The Value of Preoperative Assessment Before Noncardiac Surgery in the Era of Value-Based Care
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Over the past several decades, the field of preoperative cardiac evaluation before noncardiac surgery has evolved substantially. Initially, the focus was on identifying high-risk patients who might benefit from additional interventions, but the value of those interventions, such as coronary revascularization, was unknown. Beginning around the time of the publication of the first American College of Cardiology/American Heart Association (ACC/AHA) Guidelines in 1996, the focus has evolved from identification of risk to targeted evaluation and treatment for those in whom it would impact outcome, ie, those in whom there is clearly value.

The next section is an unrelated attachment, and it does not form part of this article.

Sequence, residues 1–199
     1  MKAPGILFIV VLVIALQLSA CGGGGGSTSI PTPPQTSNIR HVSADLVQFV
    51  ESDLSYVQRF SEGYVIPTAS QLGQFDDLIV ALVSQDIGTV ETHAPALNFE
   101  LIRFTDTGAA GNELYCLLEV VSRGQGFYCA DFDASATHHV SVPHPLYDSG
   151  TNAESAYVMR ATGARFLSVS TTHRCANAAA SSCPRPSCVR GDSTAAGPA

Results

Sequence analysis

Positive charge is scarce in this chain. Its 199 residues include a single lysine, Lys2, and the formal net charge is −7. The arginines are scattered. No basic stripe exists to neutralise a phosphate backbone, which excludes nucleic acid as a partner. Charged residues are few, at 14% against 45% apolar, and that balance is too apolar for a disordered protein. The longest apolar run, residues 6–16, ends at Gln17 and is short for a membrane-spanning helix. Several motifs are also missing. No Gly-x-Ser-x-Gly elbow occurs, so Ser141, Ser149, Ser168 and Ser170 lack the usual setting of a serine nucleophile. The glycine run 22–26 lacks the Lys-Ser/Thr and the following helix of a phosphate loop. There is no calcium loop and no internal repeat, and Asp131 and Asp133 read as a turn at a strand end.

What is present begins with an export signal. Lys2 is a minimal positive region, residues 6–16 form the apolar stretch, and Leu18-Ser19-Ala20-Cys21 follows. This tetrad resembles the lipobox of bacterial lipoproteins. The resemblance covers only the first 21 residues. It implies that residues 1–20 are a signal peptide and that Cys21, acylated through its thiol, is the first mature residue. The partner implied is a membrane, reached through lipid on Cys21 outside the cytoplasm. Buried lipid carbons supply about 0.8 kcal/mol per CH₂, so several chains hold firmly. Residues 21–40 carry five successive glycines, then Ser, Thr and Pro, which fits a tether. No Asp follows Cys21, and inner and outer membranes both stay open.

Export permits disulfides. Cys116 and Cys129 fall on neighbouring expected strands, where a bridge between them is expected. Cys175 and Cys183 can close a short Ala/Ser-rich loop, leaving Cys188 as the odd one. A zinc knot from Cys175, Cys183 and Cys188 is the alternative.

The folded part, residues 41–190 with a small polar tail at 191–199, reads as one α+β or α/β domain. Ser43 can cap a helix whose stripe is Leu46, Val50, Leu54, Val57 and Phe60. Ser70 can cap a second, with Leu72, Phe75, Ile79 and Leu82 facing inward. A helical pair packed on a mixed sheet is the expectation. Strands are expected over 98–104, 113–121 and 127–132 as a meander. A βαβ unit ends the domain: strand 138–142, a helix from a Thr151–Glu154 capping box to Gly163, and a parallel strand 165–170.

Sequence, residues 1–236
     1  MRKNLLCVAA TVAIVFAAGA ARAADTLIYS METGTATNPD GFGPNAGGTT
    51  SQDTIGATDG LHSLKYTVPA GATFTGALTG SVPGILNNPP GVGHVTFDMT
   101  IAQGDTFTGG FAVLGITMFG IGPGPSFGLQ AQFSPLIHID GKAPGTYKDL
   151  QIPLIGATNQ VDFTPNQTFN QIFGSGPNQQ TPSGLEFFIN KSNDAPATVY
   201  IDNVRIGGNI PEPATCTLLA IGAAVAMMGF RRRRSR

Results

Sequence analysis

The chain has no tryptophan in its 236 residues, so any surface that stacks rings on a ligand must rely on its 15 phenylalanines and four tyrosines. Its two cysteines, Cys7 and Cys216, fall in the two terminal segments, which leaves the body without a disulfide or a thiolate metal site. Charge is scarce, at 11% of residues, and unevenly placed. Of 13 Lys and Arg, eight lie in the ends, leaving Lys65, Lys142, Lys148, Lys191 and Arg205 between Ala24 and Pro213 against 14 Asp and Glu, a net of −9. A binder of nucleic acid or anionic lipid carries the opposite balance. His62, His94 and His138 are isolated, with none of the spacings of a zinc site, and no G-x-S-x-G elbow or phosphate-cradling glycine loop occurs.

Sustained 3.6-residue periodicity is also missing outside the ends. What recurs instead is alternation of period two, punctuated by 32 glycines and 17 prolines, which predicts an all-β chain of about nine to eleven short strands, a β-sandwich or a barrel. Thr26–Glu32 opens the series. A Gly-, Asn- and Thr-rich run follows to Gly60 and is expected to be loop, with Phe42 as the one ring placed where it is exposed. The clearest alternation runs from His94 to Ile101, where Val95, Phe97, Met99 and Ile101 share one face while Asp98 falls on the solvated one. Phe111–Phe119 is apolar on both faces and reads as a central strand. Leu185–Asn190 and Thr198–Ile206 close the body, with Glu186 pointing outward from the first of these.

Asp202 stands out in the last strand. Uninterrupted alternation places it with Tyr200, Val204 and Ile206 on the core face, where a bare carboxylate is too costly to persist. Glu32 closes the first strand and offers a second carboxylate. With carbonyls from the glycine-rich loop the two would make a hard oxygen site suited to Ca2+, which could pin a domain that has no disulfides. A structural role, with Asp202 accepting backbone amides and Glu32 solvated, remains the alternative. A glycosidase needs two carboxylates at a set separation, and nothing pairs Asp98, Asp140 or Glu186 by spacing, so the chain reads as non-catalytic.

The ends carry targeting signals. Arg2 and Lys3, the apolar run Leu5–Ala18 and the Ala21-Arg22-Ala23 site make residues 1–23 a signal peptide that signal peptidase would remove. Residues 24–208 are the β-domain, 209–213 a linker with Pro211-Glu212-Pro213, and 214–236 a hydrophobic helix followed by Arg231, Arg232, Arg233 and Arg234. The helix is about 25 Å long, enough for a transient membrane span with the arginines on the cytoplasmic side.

There are currently 3 major Society Guidelines, the 2014 ACC/AHA Guidelines,1 the 2014 European Society of Cardiology/European Society of Anesthesiology,2 and the 2017 Canadian Cardiovascular Society (CCS),3 that address preoperative assessment. There are clear differences between the first 2 guidelines and the more recent CCS Guidelines, which may, in part, reflect the evolution of new evidence since the publication of earlier guidelines. However, a notable philosophical difference in data interpretation is clear as well.
Until recently, the ACC/AHA Guidelines, and most medical consultations, included the assumption that surgery was not only indicated but would occur. As health care moves from volume to value, shared decision making around the risks and benefits of surgery …